The law does have limitations, though. About half of New York’s commercially insured population is covered by self-insured employer health plans regulated by federal law, Oechsner said. “As a result, all these great protections that we’re working on for the state don’t apply to nearly half the commercial market,” he said. “That’s a huge problem.” He said the state is working to improve its enforcement of standards around the type and quantity of providers insurers must include in their networks. (Crains NY Business Oct 3).
Urge Gov. to Sign Legislation to Expand Access to Prostate Cancer Screening
Physicians are urged to contact Governor Cuomo to encourage him to sign into law legislation (S.6882/A.8683) that would ensure that health insurers provide coverage for diagnostic testing for prostate cancer without such care being subject to annual deductibles or coinsurance. In particular, men over 40 with family history and men over 50 who are asymptomatic would be enabled to receive this care without being subject to annual deductibles or coinsurance. Additionally, the bill would require the information regarding the availability of insurance coverage for prostate cancer screenings without cost sharing, to also be included in the standardized written summary prepared by the Commissioner of Health. New York has for many years required insurance coverage for these tests, but were subject to cost-sharing. This undoubtedly will encourage even more men to have this often life-saving test. You can send a letter in support here.
Life Expectancy in New York Lowered: Obesity and Opioids Are Factors
Life expectancy in New York State is going in the wrong direction, an alarming reversal after years of steady increases. A report produced by the NYS Health Foundation’s internal policy and research department shows that, after peaking in 2014 at 80.7 years, life expectancy decreased in both 2015 and 2016 https://bit.ly/2Jz8bjf. The report found that a combination of factors–including the growing obesity epidemic and the opioid crisis–is likely contributing to declining life expectancy.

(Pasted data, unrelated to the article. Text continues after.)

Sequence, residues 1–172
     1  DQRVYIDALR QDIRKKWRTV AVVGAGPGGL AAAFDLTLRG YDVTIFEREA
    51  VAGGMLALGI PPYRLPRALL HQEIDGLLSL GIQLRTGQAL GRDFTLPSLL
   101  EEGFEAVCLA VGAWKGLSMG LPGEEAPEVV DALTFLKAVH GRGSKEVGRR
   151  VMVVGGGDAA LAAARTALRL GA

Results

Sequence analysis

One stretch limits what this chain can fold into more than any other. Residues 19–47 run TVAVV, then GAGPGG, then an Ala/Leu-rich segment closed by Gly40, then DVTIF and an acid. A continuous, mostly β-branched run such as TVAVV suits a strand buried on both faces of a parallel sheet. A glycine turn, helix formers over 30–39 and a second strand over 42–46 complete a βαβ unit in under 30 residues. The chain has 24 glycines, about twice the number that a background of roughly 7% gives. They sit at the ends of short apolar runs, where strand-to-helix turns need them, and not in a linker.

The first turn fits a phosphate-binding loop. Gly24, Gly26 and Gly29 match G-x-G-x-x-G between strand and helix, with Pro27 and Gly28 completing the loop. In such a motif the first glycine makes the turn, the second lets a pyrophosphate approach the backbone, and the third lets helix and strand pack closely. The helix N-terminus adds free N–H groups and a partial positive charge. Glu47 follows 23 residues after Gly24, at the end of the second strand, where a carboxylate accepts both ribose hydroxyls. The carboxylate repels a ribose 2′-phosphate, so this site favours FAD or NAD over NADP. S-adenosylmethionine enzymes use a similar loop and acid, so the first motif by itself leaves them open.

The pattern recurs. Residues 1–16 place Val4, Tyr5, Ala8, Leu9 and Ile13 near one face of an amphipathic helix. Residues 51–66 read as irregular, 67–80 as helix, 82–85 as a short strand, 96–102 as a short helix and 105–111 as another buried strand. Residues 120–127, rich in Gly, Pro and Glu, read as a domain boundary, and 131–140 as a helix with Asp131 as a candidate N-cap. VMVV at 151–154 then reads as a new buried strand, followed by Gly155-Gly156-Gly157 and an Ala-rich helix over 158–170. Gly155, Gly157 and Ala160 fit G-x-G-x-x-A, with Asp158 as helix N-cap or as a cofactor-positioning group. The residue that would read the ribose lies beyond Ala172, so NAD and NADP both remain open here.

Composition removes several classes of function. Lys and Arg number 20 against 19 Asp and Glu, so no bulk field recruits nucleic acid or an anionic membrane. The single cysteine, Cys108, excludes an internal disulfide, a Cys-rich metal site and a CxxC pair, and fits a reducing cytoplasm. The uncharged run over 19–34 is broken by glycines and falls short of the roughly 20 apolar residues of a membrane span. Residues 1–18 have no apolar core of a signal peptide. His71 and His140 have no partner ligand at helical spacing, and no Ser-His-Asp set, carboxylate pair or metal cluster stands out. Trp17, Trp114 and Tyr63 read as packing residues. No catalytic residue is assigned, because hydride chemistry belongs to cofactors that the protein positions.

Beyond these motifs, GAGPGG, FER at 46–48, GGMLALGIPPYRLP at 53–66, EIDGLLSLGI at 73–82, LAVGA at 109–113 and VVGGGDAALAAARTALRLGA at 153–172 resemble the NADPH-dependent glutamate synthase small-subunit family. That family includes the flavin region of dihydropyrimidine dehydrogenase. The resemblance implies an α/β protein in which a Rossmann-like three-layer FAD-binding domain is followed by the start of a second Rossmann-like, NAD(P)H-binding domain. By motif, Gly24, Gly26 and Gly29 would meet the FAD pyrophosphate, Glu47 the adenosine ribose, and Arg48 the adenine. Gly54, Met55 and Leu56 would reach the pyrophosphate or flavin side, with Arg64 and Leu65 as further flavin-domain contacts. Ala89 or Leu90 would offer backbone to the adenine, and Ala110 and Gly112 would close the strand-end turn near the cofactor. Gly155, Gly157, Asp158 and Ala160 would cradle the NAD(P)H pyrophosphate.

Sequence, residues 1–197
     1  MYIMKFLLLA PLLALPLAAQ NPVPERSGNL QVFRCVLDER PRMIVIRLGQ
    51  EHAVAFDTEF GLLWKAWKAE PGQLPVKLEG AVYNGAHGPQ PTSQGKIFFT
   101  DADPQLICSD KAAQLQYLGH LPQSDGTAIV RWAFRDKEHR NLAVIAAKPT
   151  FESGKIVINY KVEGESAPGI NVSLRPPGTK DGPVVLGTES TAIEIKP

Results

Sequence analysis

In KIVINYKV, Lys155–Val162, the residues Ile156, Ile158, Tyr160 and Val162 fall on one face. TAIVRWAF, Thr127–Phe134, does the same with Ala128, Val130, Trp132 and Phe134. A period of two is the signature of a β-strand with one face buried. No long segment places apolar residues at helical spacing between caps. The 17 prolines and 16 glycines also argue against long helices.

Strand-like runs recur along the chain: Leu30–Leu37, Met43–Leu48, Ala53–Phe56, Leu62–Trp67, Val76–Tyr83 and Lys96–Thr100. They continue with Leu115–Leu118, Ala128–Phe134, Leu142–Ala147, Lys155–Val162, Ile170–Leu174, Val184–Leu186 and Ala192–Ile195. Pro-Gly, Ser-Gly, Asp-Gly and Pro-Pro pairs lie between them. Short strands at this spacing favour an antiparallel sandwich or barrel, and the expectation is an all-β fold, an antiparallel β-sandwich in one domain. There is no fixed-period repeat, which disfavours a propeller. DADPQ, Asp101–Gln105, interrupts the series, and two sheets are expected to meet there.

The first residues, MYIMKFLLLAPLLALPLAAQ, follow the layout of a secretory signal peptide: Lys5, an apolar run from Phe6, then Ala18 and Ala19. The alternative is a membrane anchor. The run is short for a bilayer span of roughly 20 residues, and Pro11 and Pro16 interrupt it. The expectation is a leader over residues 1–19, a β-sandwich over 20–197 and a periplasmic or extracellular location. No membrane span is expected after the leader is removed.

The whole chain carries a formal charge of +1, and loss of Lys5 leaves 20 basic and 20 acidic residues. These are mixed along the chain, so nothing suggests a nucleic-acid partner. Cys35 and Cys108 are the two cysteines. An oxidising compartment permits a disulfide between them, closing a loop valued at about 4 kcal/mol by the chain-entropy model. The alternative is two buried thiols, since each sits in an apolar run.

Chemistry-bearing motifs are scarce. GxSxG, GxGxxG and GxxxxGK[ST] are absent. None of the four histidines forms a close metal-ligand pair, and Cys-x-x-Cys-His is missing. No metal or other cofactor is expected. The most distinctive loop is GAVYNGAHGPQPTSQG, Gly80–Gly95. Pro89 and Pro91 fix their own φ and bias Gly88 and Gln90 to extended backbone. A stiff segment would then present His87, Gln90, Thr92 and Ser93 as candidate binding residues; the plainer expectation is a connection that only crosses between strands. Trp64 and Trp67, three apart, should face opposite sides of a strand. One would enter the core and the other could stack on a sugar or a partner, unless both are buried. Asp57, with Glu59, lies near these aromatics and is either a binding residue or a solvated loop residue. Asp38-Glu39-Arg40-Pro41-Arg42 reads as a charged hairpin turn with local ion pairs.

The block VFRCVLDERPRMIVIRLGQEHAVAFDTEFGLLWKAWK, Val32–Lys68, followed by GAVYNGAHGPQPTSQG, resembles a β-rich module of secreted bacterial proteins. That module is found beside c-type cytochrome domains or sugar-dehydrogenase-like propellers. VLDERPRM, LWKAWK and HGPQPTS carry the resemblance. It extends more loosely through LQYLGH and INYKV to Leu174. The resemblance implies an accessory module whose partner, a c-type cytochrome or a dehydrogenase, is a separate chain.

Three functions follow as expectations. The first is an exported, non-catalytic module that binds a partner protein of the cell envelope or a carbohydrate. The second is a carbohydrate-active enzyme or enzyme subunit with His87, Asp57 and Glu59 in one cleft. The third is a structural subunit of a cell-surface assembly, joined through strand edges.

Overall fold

Rockland County: 33 Cases of Measles; Five More Suspected
Rockland County officials confirmed that 33 people have measles and five more suspected cases are under investigation. More than 2,000 people in the county have gotten the measles, mumps,
Nassau County DOH Named Local Health Department of the Year
The Nassau County Department of Health (NCDOH) has been named “Local Health Department of the Year” for 2018 by the National Association of City and County Health Officials. The NACCHO represents the nation’s nearly 3,000 local governmental health departments.
The announcement was made at the NACCHO Annual Conference. NCDOH earned the tile by successfully bringing together providers, hospitals, and community-based organizations to evaluate the needs of residents, and together created a county-wide Community Health Assessment and Community Health Improvement Plan. NCDOH is a founding member of the Long Island Health Collaborative, which has grown from a three-agency online database to a grant-funded health initiative with almost 100 agencies.
In recent years, the County Health Department has created initiatives such as an Office of Minority Health Affairs, participation in the “Cribs for Kids” program, programs that screen infants for developmental delays, sending “Newborn Welcome Mailings” with pertinent newborn health information to the families of all 14,000 babies born in the county each year and serving as the grantee for the Long Island Ryan White HIV Service grant.
The Department’s Public Health Emergency Preparedness unit leads a troop of almost 1,000 volunteer medical professionals in a Medical Reserve Corps who train for emergencies and provide on-site medical coverage for the Games for the Physically Challenged and the Long Island Marathon.
Flu Vaccine: One Year Doesn’t Reduce Effectiveness the Next Year
Getting the flu vaccine every year doesn’t reduce its effectiveness — and might even boost its performance — suggests a study in JAMA Network Open. Researchers examined the vaccination status of nearly 3400 children who presented with acute febrile respiratory illness during one of three successive flu seasons between 2013 and 2016. About one-fourth had flu confirmed on reverse-transcription polymerase chain reaction testing; the rest were considered negative for flu.